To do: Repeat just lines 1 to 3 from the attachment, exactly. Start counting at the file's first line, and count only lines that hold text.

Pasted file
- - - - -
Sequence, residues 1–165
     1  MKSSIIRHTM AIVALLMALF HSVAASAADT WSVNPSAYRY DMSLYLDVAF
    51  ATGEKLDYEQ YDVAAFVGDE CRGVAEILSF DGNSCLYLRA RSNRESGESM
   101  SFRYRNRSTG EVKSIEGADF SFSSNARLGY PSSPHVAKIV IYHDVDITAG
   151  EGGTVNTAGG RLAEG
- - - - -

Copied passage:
Sequence, residues 1–165
     1  MKSSIIRHTM AIVALLMALF HSVAASAADT WSVNPSAYRY DMSLYLDVAF
    51  ATGEKLDYEQ YDVAAFVGDE CRGVAEILSF DGNSCLYLRA RSNRESGESM